THE PERFORMER | Chandra Wilson
THE SHOW | Grey’s Anatomy
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THE EPISODE | “Help Me Through the Night” (Jan. 23, 2020)
THE PERFORMANCE | In Thursday’s winter premiere of Grey’s Anatomy, as Bailey struggled to regain control following her miscarriage and the accident that had imperiled husband Ben, Wilson sketched a portrait of a woman on the verge that was so real, it all but ached.
Sometimes, the actress used broad strokes — when Bailey pushed aside her roiling emotions by ordering Schmitt to do the same, for instance, and when she panicked that Helm was going to die on the operating table right in front of her. Other times, Wilson drew in fine lines — as when she let terror and relief fight in her eyes in the moment that Helm’s heart restarted.
But what really made Wilson’s portrait of grief and rage such a masterpiece was the finishing touch that she put on it. When Richard assured Bailey that her residents were fine… everyone was fine, she at last allowed herself not only to express the feelings she’d been choking down but experience them. Wilson’s voice as raw as a fresh wound, Bailey replied that no, everyone wasn’t fine — she wasn’t.
With that, her portrayer let boil a toxic cocktail of anger and sorrow as Bailey marveled that her daughter had been there one moment and the next, she’d just been… gone. And there’d been nothing Bailey could do but stand there and lose her. In that moment, we were helpless, too. As Wilson submerged Bailey in grief, we could only sit there and watch, in equal measure heartsick and impressed.
HONORABLE MENTION | We know that the Powers That Be already have an idea of who’ll get a spinoff once the crime drama ends in a few weeks. But if there’s any wiggle room left, we’d like to lobby hard for Elisa Marie — because in Sunday’s episode, Mattea Conforti was gold. We’ve always liked her portrayal of Proctor’s young daughter, but this week’s installment displayed her ability to play the aching reality of an innocent girl manipulated by a world full of very bad people. Elisa Marie’s internalized grief over her parents’ deaths came through in all of Conforti’s choices, cresting with the way Elisa Marie seemed unable to decide whether to fear Tommy or tell him her sad life story. If Conforti is this good this young, we can’t wait to see what the coming years will bring.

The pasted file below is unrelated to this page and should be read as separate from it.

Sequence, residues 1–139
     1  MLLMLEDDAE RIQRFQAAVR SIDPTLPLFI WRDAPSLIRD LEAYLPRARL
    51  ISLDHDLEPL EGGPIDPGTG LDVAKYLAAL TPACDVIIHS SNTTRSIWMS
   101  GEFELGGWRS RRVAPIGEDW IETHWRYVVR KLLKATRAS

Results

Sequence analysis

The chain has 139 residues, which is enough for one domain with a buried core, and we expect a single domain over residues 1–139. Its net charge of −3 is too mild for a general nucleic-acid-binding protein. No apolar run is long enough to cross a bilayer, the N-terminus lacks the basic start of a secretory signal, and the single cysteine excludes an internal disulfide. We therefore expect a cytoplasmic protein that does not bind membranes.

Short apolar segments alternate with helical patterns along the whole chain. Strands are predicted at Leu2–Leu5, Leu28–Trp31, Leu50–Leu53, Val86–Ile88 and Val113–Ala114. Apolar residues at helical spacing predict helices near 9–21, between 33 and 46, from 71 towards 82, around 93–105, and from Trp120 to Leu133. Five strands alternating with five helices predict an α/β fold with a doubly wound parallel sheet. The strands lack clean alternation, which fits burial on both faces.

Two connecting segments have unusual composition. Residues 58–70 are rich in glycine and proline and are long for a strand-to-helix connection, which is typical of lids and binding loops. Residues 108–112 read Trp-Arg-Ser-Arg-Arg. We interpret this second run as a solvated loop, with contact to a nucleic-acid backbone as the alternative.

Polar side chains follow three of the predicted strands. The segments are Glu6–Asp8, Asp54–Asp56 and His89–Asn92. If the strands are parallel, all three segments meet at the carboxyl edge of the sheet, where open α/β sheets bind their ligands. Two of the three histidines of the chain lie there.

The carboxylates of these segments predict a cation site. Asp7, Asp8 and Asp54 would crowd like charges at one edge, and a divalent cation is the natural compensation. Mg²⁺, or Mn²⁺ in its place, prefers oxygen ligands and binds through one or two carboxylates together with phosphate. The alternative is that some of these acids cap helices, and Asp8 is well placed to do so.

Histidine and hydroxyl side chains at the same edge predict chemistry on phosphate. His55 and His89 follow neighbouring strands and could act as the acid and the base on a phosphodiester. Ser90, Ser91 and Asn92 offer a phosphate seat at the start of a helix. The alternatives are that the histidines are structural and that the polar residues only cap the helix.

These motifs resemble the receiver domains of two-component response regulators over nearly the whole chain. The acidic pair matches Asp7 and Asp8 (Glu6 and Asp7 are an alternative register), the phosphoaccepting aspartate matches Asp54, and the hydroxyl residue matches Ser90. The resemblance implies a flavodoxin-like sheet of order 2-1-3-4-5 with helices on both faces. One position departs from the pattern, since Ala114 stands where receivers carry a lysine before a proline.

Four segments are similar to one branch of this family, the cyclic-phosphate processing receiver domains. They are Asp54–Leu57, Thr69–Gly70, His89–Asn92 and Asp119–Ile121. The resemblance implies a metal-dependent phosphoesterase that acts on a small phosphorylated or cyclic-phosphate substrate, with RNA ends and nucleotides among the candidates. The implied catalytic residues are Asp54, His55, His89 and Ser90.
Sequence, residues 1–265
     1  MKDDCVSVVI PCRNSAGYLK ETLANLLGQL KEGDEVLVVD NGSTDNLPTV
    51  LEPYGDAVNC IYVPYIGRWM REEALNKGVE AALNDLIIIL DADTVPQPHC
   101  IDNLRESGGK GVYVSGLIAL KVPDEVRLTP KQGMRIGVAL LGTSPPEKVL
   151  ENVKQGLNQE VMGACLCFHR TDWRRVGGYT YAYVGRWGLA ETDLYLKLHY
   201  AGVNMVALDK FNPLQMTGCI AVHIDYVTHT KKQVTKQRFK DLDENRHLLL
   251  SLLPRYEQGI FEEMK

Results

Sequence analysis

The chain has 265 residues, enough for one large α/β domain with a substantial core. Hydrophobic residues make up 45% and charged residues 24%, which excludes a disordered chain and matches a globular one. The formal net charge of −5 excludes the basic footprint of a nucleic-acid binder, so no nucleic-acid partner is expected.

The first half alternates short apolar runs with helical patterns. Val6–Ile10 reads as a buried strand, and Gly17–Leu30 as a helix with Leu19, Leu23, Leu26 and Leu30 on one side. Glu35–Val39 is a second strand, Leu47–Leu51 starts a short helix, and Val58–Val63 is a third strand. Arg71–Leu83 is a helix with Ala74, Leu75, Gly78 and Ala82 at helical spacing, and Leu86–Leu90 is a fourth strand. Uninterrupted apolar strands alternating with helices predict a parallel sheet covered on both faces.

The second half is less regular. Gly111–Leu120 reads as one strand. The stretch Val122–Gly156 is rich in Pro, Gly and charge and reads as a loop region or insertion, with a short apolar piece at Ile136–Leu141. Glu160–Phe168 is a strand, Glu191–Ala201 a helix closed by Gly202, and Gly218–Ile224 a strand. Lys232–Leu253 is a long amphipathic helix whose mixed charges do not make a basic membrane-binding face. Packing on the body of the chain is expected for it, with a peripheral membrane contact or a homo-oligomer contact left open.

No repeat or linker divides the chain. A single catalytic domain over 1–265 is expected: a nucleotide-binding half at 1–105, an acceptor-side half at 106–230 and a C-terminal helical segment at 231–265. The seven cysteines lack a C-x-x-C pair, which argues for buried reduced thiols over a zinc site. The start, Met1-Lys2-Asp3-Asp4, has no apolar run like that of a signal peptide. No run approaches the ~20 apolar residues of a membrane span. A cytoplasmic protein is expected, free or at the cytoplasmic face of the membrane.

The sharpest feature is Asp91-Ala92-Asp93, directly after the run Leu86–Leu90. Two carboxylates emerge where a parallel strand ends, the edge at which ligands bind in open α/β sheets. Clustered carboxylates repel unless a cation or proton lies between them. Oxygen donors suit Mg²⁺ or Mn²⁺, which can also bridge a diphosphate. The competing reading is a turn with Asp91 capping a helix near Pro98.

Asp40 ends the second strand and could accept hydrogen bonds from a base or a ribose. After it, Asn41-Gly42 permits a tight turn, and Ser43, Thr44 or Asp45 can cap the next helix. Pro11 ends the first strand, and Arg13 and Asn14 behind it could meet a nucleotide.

HONORABLE MENTION | Anxiety is a cruel condition that creates an all-consuming inner torment while its sufferers struggle to maintain status quo. Niles Fitch‘s performance in Thursday’s This Is Us proves that he absolutely understands that painful dichotomy. Fitch was so believable while college-age Randall tamped down his worries, and then heartbreaking as those worries resurfaced as inescapable nightmares. But we were most impressed with the scene in which he and new girlfriend Beth discussed the prospect of therapy. Fitch spoke quietly but firmly, showing Randall’s hesitance to discuss this debilitating aspect of his personality — but he allowed some vulnerability and hope to seep in, as well. Perhaps most impressively, Fitch closely mirrored co-star Sterling K. Brown’s approach to Randall’s situation, lending the hour a throughline that strengthened the episode on the whole.
HONORABLE MENTION | In Season 2 of Netflix’s Sex Education, Aimee Lou Wood superbly dramatized the rollercoaster of emotion that befalls a victim of sexual assault. But it was in Episode 7, when her character Aimee could no longer balance her myriad states of mind, that the actress really shined. “If he could do something like that, then anyone could,” she broke down to her friends. “I always felt safe before and now I don’t.” As Aimee grew more cognizant of her feelings, Wood’s vulnerability and mannerisms sold her character’s psychological damage. With support from her gal pals (and a trip to a junkyard), she pushed through the rage. “I’m angry that a horrible man ruined my best jeans and nobody did anything and now I can’t get on the f–king bus!” she screamed while smashing a car to pieces. Wood’s performance allowed us to witness the devastating effects of sexual assault on a young woman. By the time Aimee courageously reboarded that bus, Wood had transformed her from fearful victim to brazen survivor.